what we offer
Unless stated otherwise, these courses are scheduled to take place on campus in Maastricht. However, due to COVID-19, we cannot guarantee that this scenario will be possible. We will make a decision based on the latest government regulations on May 1, 2021 and inform all applicants if the courses will take place on campus or online.
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The label ‘industry 4.0’ applies loosely to a set of emerging digital technologies that influence the way goods and services are produced and consumed in contemporary societies. This course explores the implications of these different technologies (such as block chain and AI) for the way organisations are managed.
During this course, you will deep dive into technical analysis and take an overarching look at trading. It is not only return that counts, risk has to be taken into account as well, and you will learn all about this during the course.
The scale and speed at which innovative business models are transforming industry landscapes today is unprecedented. During this interactive course, students will look into the challenge of business model innovation and trends such as the rise of Corporate Social Responsibility.
From the late Middle Ages through the Renaissance and the Baroque to the modern era, Dutch artists have tried to come to terms with ever-changing principles and conceptions regarding the world around them and have been constantly improving techniques to visualize it. The results of their efforts are the subject of this course.
Where does the drive to pursue and persevere originate? Do we control our choices? This course draws from a range of theoretical, clinical, and methodological approaches to explore key questions such as these. Students will examine the unconscious patterns that drive human behaviour and our choices.
This course introduces students to the fundamental principles of “management”. The primary emphasis is on individual and group behaviour within organisations, in order for students to learn what it means to be an effective member of an organisation – both as a new employee and eventually as a manager.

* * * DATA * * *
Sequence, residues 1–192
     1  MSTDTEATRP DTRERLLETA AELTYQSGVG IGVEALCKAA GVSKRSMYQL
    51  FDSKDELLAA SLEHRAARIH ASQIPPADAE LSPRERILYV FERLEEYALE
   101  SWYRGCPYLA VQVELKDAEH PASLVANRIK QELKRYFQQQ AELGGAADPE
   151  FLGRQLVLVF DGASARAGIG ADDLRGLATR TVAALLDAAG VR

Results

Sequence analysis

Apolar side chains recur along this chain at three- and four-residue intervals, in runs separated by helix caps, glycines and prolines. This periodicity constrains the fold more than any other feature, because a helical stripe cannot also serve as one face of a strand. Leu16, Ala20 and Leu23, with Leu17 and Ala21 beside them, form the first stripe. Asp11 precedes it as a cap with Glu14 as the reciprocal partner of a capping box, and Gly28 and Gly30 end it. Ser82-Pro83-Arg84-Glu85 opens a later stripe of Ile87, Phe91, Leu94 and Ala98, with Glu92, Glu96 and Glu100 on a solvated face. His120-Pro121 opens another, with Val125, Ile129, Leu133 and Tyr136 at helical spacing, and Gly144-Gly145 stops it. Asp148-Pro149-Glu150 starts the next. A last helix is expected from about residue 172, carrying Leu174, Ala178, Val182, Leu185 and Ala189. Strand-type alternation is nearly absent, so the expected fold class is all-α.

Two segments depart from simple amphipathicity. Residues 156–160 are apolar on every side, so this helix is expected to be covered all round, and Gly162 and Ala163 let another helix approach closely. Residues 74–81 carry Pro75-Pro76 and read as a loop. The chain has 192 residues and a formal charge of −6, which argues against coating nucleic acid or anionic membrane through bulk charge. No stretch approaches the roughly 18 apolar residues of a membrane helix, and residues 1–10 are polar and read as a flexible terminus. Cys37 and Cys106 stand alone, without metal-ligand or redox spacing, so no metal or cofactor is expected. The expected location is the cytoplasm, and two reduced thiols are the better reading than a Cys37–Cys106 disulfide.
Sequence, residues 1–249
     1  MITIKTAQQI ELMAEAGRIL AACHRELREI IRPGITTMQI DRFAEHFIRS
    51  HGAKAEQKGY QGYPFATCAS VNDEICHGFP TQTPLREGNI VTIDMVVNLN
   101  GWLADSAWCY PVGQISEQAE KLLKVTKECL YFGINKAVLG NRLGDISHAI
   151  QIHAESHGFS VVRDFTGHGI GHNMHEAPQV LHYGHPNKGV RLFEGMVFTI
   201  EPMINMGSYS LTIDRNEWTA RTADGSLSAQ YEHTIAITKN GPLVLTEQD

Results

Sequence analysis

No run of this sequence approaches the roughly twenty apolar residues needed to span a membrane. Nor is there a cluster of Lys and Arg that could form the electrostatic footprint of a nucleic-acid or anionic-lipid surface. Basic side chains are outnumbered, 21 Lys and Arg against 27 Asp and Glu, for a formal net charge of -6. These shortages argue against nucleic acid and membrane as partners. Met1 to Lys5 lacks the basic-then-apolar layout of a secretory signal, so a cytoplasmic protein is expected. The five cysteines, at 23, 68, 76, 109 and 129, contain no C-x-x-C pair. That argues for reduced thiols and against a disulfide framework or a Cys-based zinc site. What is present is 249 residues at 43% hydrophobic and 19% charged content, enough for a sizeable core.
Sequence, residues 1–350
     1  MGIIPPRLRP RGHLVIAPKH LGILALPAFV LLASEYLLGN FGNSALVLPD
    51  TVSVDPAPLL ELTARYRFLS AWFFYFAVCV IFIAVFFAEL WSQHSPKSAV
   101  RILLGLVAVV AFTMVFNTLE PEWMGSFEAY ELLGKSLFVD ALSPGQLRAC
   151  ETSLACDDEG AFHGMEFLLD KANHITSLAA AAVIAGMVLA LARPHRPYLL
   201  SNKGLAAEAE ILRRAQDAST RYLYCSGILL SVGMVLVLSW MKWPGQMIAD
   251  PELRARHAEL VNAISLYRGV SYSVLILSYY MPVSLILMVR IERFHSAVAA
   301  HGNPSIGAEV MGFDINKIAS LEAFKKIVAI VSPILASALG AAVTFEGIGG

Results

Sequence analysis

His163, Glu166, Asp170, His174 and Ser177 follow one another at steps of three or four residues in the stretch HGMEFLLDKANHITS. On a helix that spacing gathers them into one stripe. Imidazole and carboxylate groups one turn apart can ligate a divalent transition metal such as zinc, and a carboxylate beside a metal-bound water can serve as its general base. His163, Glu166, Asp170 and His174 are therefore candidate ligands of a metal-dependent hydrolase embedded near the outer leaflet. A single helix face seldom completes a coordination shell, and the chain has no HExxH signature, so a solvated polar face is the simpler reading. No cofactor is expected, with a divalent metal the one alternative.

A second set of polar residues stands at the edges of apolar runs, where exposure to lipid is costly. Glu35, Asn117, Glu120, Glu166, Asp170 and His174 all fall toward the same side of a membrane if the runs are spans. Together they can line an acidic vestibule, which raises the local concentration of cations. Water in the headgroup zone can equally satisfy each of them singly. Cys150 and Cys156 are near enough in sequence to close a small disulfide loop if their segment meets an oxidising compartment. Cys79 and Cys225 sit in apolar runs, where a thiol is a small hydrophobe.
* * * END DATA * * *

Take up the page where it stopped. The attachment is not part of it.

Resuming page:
During this course, students will be provided with a fundamental introduction to Intercultural Communication by focusing on theory and acquiring intercultural competences for their professional and personal life.
Through reading, analysing current case studies, discussions and visits of local luxury retailers in Maastricht, students will learn how the luxury industry maintains its aspirational image with consumers even as it sells entry-level products such as sunglasses and accessories to a mainstream audience.
During this course, students are introduced to the system by which major world powers have managed their relationships over the past 400 years. They will trace the centuries-old but still vital concept of global “Great Powers” and track how, through time, Great Powers have interacted with one another in war and peace.
This course aims to provide an introduction and philosophical investigation of the question if, when and how ethical considerations can or must play a role in the practice of medical professions. Euthanasia, embryo research and cloning are a few of the topics that will be addressed.
This course focuses on fundamental and applied empirical brain research using brain stimulation techniques (non-invasive brain stimulation). During lectures by international experts, students will learn about the basics of brain stimulation (TMS, TES), state-of-the-art multimodal applications and invasive brain stimulation approaches.
During this course, students will look at human trafficking and sexual violence in conflict, both in their own right and together. This will contribute to a better understanding of the opportunities and challenges involved and to finding ways forward in addressing these timely crimes.
This course is designed around the data science lifecycle to show the techniques for handling a data science project. Students will be exposed to basic programming skills in Python and learn how to select, clean, analyse, visualise and interpret data.
This course will give students an overview of the crescent field of consumer neuroscience and explore the applications of neurosciences in different fields, such as neuroeconomics and neuromarketing. At the end of the course, students will understand the potential and limitations of these applications and be able to develop innovative ways of using neuroscientific techniques in different contexts.
Students will examine the most influential philosophic discussions around animals in society; conventional discourse around human-animal relationships; intersections between speciesism and other forms of oppression; and the politics of various animal justice movements.